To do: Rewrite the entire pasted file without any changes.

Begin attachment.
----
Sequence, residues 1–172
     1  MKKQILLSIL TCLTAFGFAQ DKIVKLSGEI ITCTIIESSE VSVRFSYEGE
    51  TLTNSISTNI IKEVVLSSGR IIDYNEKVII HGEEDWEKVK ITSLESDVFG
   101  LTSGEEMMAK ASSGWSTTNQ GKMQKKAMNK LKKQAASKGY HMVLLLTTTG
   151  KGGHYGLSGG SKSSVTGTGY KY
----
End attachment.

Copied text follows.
Sequence, residues 1–172
     1  MKKQILLSIL TCLTAFGFAQ DKIVKLSGEI ITCTIIESSE VSVRFSYEGE
    51  TLTNSISTNI IKEVVLSSGR IIDYNEKVII HGEEDWEKVK ITSLESDVFG
   101  LTSGEEMMAK ASSGWSTTNQ GKMQKKAMNK LKKQAASKGY HMVLLLTTTG
   151  KGGHYGLSGG SKSSVTGTGY KY